issn = "1742-5689",
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}

Fishing out collective memory of migratory schools. / De Luca, G.; Mariani, Patrizio; MacKenzie, Brian; Marsili, M.

In: Journal of the Royal Society. Interface, Vol. 11, No. 95, 2014.

Research output: Contribution to journalJournal articleResearchpeer-review

TY - JOUR

T1 - Fishing out collective memory of migratory schools

AU - De Luca, G.

AU - Mariani, Patrizio

AU - MacKenzie, Brian

AU - Marsili, M.

PY - 2014

Y1 - 2014

N2 - Animals form groups for many reasons but there are costs andbenefit associated with group formation. One of the benefits is collectivememory. In groups on the move, social interactions play a crucialrole in the cohesion and the ability to make consensus decisions.When migrating from spawning to feeding areas fish schools need toretain a collective memory of the destination site over thousand ofkilometers and changes in group formation or individual preferencecan produce sudden changes in migration pathways. We propose amodelling framework, based on stochastic adaptive networks, thatcan reproduce this collective behaviour. We assume that three factorscontrol group formation and school migration behaviour: the intensityof social interaction, the relative number of informed individualsand the preference that each individual has for the particular migrationarea. We treat these factors independently and relate the individuals’preferences to the experience and memory for certain migrationsites. We demonstrate that removal of knowledgable individualsor alteration of individual preference can produce rapid changes ingroup formation and collective behavior. For example, intensive fishingtargeting the migratory species and also their preferred prey canreduce both terms to a point at which migration to the destinationsites is suddenly stopped. The conceptual approaches represented byour modelling framework may therefore be able to explain large-scalechanges in fish migration and spatial distribution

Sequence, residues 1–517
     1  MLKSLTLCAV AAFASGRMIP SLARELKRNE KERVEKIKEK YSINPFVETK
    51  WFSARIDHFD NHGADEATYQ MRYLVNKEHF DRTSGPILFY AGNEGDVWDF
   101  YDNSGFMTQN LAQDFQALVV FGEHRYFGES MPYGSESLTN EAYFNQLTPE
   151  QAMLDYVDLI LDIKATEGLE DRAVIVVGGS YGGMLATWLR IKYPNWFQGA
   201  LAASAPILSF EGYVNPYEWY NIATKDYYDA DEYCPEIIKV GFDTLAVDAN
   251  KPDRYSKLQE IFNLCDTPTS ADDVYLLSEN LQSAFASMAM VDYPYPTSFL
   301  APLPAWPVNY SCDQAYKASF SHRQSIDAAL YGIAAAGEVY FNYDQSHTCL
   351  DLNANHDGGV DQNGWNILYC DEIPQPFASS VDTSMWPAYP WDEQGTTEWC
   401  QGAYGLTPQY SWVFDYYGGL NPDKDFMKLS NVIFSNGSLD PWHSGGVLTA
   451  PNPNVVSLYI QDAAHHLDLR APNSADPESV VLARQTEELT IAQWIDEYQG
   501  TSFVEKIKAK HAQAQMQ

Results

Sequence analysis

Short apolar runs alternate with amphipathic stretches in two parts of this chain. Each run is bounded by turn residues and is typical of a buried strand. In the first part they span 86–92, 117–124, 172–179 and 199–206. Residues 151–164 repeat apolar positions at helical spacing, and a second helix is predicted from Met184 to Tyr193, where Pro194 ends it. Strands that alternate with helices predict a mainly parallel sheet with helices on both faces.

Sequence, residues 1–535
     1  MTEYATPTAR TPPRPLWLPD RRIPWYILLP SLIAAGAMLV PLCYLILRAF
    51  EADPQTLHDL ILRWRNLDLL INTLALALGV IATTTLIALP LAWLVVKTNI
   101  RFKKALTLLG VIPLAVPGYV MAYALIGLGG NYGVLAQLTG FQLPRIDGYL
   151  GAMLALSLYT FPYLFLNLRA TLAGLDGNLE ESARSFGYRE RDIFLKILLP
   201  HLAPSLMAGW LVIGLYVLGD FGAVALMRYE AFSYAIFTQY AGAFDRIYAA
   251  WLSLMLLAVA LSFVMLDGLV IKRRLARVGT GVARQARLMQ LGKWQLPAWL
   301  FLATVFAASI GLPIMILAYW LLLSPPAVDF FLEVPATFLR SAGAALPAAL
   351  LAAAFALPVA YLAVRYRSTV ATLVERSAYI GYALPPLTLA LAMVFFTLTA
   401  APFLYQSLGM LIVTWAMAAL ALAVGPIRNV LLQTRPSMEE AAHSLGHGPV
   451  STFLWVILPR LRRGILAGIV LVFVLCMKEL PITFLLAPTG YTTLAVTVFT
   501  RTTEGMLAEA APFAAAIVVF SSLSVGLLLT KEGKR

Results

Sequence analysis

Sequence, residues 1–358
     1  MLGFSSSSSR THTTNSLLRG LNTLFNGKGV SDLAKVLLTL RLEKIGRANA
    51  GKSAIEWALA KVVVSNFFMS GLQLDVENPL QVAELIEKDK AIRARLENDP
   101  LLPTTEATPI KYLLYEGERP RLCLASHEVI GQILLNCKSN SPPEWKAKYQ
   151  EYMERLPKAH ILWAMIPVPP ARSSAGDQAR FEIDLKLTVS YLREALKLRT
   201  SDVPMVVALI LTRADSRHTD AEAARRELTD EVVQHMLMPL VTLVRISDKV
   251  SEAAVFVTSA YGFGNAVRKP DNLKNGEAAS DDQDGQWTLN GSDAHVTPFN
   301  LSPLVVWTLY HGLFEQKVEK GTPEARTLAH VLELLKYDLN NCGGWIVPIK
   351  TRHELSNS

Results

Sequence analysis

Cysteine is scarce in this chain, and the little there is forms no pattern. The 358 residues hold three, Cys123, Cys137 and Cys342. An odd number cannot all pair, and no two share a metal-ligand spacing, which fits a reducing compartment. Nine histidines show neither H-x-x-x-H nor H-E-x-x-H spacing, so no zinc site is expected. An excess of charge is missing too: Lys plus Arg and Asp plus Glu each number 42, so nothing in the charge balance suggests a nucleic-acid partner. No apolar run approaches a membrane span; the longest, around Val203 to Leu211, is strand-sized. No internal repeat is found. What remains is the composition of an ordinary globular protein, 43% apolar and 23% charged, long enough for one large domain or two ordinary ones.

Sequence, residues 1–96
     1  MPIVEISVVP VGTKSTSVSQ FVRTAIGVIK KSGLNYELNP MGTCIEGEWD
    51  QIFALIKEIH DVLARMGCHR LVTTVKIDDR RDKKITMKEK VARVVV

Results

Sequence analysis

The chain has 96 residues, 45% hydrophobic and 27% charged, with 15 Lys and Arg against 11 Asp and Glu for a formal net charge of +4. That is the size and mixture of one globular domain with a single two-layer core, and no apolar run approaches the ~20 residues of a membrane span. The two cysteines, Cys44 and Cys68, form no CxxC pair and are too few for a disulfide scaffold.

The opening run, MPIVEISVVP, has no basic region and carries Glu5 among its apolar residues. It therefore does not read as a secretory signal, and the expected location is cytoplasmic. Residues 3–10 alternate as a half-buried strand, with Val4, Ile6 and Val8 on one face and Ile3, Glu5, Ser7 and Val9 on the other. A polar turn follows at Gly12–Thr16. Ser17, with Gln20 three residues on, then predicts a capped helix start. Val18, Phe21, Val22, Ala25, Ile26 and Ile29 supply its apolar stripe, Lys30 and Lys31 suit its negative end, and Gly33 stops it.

AB - Animals form groups for many reasons but there are costs andbenefit associated with group formation. One of the benefits is collectivememory. In groups on the move, social interactions play a crucialrole in the cohesion and the ability to make consensus decisions.When migrating from spawning to feeding areas fish schools need toretain a collective memory of the destination site over thousand ofkilometers and changes in group formation or individual preferencecan produce sudden changes in migration pathways. We propose amodelling framework, based on stochastic adaptive networks, thatcan reproduce this collective behaviour. We assume that three factorscontrol group formation and school migration behaviour: the intensityof social interaction, the relative number of informed individualsand the preference that each individual has for the particular migrationarea. We treat these factors independently and relate the individuals’preferences to the experience and memory for certain migrationsites. We demonstrate that removal of knowledgable individualsor alteration of individual preference can produce rapid changes ingroup formation and collective behavior. For example, intensive fishingtargeting the migratory species and also their preferred prey canreduce both terms to a point at which migration to the destinationsites is suddenly stopped. The conceptual approaches represented byour modelling framework may therefore be able to explain large-scalechanges in fish migration and spatial distribution

U2 - 10.1098/rsif.2014.0043

DO - 10.1098/rsif.2014.0043

M3 - Journal article

VL - 11

JO - Journal of the Royal Society. Interface

JF - Journal of the Royal Society. Interface

SN - 1742-5689

IS - 95

ER -